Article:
This back and forth between teams is in large part due to how the system-level optimization happens. In both the 2D and 3D IC cases, ultimately, it’s up to the chip designer to extract the design’s maximum performance at the architectural level. Now, while the level of abstraction for a traditional 2D SoC has evolved from the transistor to the IP level, with 3DICs the level of abstraction is at the chiplet level. Optimizing the design of chiplets to meet performance targets is far more challenging, especially given that these chiplets could be on different process nodes and support various functions. A complete system might include low-power-memory IP, SerDes blocks, computing matrix, and other components, and, of course, everything must work well together once stacked.

Packaging decisions should, therefore, be made based on the performance targets for the system as a whole and with consideration of factors like boundaries and connections when the dies are ultimately stacked. Maybe 2.5D packaging is ideal, or 3D, or a hybrid. As should be evident, there is a significant opportunity to smooth out the workflow between the different teams for greater productivity and quality of results.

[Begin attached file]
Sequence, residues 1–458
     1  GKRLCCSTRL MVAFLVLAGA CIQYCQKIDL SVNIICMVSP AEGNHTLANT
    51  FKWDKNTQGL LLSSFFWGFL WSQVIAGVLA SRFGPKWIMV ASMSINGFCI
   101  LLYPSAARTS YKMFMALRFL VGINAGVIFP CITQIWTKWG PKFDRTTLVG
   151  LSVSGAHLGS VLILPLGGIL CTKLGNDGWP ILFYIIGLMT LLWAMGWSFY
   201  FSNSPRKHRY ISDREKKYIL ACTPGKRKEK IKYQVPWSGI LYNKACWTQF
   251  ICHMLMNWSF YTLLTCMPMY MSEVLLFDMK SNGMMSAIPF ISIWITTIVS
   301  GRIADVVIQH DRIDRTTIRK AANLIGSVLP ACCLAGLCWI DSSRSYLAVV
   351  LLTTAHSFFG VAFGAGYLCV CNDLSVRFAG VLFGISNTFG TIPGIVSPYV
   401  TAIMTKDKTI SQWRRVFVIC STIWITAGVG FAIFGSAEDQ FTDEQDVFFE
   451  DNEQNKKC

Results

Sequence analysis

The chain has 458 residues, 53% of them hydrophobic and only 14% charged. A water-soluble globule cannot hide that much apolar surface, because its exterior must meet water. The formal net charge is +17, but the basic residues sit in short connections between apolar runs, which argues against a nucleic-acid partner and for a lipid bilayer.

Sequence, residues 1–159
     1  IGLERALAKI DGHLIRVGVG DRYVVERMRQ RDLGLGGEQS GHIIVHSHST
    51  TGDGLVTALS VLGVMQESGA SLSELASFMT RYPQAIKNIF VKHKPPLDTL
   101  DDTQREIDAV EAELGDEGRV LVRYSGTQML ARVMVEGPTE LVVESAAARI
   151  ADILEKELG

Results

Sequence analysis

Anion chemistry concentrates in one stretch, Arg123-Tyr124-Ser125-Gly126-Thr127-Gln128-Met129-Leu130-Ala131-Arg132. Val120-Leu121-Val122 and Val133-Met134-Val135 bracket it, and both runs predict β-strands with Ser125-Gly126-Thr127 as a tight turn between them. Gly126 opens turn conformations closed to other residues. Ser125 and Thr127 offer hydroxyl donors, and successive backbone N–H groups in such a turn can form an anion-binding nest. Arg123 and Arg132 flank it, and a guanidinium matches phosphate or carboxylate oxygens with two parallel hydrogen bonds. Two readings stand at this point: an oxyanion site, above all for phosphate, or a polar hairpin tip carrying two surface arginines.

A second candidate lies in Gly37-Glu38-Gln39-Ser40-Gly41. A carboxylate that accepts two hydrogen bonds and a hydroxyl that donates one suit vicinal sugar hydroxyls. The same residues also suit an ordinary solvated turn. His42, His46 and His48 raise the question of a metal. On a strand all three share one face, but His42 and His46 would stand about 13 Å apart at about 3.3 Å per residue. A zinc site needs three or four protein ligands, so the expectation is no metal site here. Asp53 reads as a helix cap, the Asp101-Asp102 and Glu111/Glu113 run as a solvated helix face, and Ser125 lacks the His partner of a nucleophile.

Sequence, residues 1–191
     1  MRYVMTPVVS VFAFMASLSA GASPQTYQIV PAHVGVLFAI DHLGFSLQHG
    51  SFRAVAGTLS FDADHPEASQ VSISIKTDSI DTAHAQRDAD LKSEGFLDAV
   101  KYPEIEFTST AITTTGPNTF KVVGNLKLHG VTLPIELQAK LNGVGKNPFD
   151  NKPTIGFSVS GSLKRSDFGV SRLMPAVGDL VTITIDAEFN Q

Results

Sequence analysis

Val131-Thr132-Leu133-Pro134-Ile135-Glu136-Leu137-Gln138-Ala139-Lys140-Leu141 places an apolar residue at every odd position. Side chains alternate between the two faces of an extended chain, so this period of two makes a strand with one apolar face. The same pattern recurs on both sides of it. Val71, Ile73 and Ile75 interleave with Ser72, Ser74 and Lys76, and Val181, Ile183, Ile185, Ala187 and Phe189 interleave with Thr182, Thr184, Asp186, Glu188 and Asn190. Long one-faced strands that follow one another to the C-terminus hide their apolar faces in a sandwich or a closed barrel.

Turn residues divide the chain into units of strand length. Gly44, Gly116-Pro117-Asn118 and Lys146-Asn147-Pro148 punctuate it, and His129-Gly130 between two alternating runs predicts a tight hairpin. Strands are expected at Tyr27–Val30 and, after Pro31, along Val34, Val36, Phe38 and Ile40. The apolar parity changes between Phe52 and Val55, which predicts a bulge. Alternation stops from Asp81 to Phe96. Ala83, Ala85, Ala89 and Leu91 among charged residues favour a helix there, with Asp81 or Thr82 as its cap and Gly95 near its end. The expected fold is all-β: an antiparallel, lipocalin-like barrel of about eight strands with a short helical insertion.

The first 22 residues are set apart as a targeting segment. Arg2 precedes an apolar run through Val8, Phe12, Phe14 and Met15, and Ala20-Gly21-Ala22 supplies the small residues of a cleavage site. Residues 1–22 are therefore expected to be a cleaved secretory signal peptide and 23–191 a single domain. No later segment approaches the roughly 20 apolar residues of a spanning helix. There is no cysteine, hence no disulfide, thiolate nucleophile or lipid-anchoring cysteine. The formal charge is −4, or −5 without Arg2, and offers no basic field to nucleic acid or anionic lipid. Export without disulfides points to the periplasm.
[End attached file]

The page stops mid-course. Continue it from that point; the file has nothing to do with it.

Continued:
The 3DIC architecture also highlights new technical challenges in areas like thermal management and testing. On the thermal side, the TSVs used to connect the dies can lead to poor lateral heat distribution and more heat dissipation, both of which can hamper system performance if not properly managed. From a test perspective, since testing tools can only access the bottom die, a design-for-test approach is needed to identify trouble spots along the entire stack.

A Single, 3D Design Hyperconvergent Environment

The various point tools available only address sub-sections of the complex challenges in designing 3DICs, creating large design feedback loops that don’t allow for convergence to an optimal solution in a timely manner. In a multi-die environment, the full system must be analyzed and optimized together. It isn’t enough to perform power and thermal analysis of the individual die in isolation. A more effective and efficient solution here would be a unified platform that integrates system-level signal, power, and thermal analysis into a single, tightly coupled solution.